BY THE EDITORIAL BOARD
The events of the last two years show that Americans know how to choose up sides and fight each other. But if we had to, could we put aside our differences and fight together?
We are about to find out. According to the Intergovernmental Panel on Climate Change, we are running out of time. Ninety-one of the world’s leading climate scientists warn that if we don’t cut our emissions in half over the next decade, we will face a global crisis – not in the next century, but in the next 25 years. The time for easy tweaks has passed, and we need to “turn the world’s economy on a dime,” in the words of one of the report’s authors, if we hope to avoid the worst consequences.
This is not a hoax. It is not a theory. It is not a natural cycle of warming and cooling. It is a man-made catastrophe that demands a national effort unlike anything this country has seen since World War II.
CALL FOR UNITY
As in 1941, what’s required now is leadership. After Pearl Harbor, President Franklin D. Roosevelt delivered the bad news to the nation and called on it to rise up in its own defense.
This report should be our Pearl Harbor moment. Unfortunately, President Trump was dismissive when he was asked about it, saying he would have to see “which group drew it,” alleging that there were other equally valuable studies that say we have nothing to worry about. “I can give you reports that are fabulous, and I can give you reports that aren’t so good,” Trump said.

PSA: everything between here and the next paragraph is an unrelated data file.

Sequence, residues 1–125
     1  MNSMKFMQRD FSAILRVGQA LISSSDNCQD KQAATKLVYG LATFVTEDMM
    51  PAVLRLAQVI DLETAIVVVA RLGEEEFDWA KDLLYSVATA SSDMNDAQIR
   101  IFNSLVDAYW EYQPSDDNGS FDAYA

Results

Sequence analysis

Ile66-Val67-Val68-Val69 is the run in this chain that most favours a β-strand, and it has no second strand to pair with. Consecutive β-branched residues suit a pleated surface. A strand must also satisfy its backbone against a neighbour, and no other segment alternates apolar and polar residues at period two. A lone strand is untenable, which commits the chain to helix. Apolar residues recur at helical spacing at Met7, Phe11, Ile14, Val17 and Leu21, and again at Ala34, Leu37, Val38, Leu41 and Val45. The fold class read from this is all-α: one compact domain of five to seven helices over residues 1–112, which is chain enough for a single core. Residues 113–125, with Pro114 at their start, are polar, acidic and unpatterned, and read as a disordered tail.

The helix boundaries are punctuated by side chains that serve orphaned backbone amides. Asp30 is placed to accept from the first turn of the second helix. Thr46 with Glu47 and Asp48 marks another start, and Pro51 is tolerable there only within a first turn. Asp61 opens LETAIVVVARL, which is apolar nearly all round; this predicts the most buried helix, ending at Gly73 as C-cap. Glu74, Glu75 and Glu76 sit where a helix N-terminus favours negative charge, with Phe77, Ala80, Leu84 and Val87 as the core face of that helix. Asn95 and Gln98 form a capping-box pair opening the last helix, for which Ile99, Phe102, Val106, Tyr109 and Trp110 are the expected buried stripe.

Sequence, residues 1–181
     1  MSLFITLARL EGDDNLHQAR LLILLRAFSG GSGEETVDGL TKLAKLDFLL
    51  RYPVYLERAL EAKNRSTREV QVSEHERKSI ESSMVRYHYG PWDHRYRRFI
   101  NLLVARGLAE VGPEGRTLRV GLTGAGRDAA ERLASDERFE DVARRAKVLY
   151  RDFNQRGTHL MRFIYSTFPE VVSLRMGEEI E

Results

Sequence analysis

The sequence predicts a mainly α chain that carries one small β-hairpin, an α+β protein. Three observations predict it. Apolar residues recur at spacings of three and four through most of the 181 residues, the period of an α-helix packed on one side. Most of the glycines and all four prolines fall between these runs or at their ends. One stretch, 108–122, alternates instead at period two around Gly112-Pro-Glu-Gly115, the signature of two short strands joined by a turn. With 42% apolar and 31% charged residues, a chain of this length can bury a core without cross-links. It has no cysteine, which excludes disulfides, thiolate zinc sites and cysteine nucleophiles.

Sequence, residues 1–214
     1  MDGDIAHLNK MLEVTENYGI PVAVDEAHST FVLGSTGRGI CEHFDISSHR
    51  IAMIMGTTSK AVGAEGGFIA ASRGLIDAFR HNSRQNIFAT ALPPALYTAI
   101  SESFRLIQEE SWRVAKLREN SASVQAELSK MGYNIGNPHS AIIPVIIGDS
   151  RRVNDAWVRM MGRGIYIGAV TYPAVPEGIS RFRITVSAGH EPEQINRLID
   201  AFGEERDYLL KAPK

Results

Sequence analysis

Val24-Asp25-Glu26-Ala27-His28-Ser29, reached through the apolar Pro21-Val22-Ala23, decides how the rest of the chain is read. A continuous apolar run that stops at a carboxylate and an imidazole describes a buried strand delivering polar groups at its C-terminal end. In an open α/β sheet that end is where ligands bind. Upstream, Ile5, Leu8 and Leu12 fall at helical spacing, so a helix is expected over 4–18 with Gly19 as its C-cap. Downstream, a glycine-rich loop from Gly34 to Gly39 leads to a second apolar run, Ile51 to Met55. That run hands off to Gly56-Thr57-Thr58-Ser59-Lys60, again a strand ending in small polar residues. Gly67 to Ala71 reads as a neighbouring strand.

This president thrives on division. He can provoke a reaction from his opponents and rely on a backlash from his supporters. His campaign-style rallies are designed to delight the people in the room and infuriate the ones outside. He keeps his base of supporters on board by making sure he never has to deliver anything to them that they would consider to be bad news.
Those are political tactics that might win an election or dominate a news cycle, but that approach cannot be used to fight an existential threat like climate change.
According to the report’s authors, the speed in which the planet is warming is not reversed by 2040, sea levels will rise, coastal areas will be inundated and worldwide poverty will explode, causing mass starvation and a refugee crisis many times greater than the one that exists today – which is already overwhelming the capacity of the world’s humanitarian organizations.
To head off the worst consequences, greenhouse gas emissions would have to be reduced by 45 percent from 2010 levels by 2030, and 100 percent by 2050.
The report also found that the use of coal as an electricity source would have to drop from nearly 40 percent today to between 1 percent and 7 percent by 2050. Renewable energy such as wind and solar, which make up about 20 percent of the electricity mix today, would have to increase to as much as 67 percent. The authors recommend a carbon-pricing scheme much more expansive than any that exists.
None of those changes would be easy to achieve, and not everyone is going to agree.
This is not just an environmental crisis, it’s a test of our ability to govern ourselves. We will soon find out whether this generation can respond to its Pearl Harbor moment.
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